2015 Archive

IMG_9142Mayday Parade 2015

Justice Works!

The Human Rights of Spring

honoring justice workers past and present

dress metallic. think springs

Expect -A giant group photo, A hypnotic choir, A jubilant marching band, FISTacular floats, speeches by Polish Hill’s most eccentric wise man tENTATIVELY, a. cONVENIENCE and City Council Candidate La’Tasha D. Mayes.

Saturday May 2nd

Gather at Noon on Lower Melwood. Push off at 1.

This year’s parade will end with:
Wild Heart’s Can’t Be Broken
by the Flippin’ Circus
Daring Acrobatics, Dexterous Juggling with Musical Accompaniment &
Food & new Structured children’s activities
and then ye’ old
Baseball game with Pgh Pounders Vs. Philly Waste
Wanna Volunteer!
Decorate for Variety Show contact – etta writealetta(at)gmail.com
Construction Floats contact – KT kinetictornado(at)gmail.com
Food after Parade – contact Evan boatpunx(at)gmail.com
Organized Children Activities -contact Stewey csm99er(at)yahoo.com
Stewards of the March – by bike and foot to help sooth traffic- contact etta writealetta(at)gmail.com


There will be an Immigrants Rights March on Friday May 1st Meeting at 5 pm at the foot of the Smithfield Bridge on Southside. Pushes off at 6pm marching to Market Square.  Check Out PA Action for more events 


AmeriKKKa: A Post Racial Society, is Alaric X’s first art exhibit. Using photography, paintings, prints, clothing, and an interactive installation, Alaric X has created an exhibition that focuses on making commentary on both race relations and the black experience in AmeriKKKa. The exhibit is up for an entire month and will be home to several events throughout the month of May.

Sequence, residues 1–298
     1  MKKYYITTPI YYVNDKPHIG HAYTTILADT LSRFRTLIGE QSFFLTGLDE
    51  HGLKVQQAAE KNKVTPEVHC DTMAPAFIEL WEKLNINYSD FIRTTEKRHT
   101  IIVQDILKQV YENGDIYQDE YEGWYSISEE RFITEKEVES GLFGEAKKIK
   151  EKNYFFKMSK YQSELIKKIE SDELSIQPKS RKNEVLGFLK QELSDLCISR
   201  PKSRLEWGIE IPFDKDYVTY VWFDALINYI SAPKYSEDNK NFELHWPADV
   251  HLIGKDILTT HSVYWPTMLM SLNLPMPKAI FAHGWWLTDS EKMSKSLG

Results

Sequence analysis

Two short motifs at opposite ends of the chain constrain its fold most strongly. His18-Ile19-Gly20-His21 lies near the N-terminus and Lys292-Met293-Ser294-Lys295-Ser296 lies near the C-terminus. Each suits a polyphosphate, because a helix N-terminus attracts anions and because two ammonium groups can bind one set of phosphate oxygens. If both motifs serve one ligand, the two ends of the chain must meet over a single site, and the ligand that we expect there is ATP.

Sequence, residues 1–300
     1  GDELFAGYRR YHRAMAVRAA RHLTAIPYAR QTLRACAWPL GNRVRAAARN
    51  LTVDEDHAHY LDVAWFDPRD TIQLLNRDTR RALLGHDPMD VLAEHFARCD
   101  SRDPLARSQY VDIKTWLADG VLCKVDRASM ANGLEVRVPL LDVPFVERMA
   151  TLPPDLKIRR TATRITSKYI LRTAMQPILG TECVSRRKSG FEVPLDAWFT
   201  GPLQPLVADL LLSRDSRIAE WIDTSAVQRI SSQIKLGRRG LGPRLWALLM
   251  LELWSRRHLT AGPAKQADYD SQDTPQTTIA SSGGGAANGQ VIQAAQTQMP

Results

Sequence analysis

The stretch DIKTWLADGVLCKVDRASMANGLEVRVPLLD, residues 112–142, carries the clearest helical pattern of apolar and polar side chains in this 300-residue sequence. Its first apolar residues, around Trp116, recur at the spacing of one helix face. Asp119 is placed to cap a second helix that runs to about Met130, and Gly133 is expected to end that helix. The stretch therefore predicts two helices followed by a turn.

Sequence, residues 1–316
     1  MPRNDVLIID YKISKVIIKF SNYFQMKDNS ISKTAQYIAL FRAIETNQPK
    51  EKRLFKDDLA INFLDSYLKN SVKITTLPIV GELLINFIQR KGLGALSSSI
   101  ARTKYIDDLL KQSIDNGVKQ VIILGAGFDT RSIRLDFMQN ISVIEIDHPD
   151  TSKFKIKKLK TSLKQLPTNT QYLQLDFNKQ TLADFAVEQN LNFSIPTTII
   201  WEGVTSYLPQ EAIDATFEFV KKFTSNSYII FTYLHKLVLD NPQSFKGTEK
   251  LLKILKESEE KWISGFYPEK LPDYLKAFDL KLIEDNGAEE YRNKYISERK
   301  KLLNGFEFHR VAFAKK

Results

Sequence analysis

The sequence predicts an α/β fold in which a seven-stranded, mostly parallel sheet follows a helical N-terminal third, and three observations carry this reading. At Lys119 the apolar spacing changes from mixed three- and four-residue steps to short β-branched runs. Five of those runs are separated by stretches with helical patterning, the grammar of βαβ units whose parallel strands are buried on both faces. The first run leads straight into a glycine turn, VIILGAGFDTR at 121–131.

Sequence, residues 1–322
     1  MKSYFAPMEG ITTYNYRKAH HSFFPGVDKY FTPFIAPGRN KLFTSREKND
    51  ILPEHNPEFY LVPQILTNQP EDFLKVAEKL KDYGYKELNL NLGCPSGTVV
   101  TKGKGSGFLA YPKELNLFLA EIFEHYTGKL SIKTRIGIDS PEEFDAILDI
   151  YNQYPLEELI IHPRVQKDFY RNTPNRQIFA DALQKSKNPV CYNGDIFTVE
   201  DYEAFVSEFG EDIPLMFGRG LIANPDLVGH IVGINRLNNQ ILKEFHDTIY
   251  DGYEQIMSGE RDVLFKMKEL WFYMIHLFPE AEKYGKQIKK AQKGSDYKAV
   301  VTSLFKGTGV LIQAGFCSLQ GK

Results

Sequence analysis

Friday May 1st 6th Annual Mayday Variety Show Polish Hill. Doors at 8pm Show at 8:30


Saturday, May 2 – 6th Annual Polish HIll Parade – Gather at noon – push off at 1pm There is acrobatics after the parade this year!


Saturday May 2nd – Pittsburgh Pounders Baseball Game and Cook Out! 2:30 Polish Hill Field.

Saturday, May 2 Creative Reuse at Pittonkatonk
3:00-6:30 pm (though the event starts around 2:00 pm and ends around 8:00 pm)
Where: Vietnam Veterans Pavilion in Schenley Park

In Regards to the Polish Hill Mayday Parade,

This letter is written with respect & acknowledgment of criticism, comments and opinions that have been shared on Facebook in last week regarding the Polish Hill Mayday Parade. We offer the following words to be in dialogue with you. This was written collectively by the founding & current organizers and some regular attendees and we received still more advice from friends.

This parade was conceptualized 6 years ago by Heidi Tucker, Caleb Gamble and etta cetera, 3 Polish Hill residents, as a neighborhood organizing strategy. An idea behind the founding of this event was to embrace the act of a public parade for its power and malleability as a ritual for those who wish to express themselves within its framework. More simply, to creatively communicate in public alongside those willing to participate. This parade embraces the turning of spring, the workers holiday and shared public space. There is beauty & magic in celebrating in the streets, this is something people of all cultures have been doing for thousands of years.

Mayday continues to be organized by a small group of people who, in addition to their day jobs, are musicians, artists and activists. We don’t have a particular political alignment as a group. However, we do see the Polish Hill parade as a political act. We don’t ask permission from the city for our parade but we do ask permission from our neighbors. Since the first parade, and each subsequent year, we have delivered flyers door to door along the parade route, and sometimes the whole neighborhood.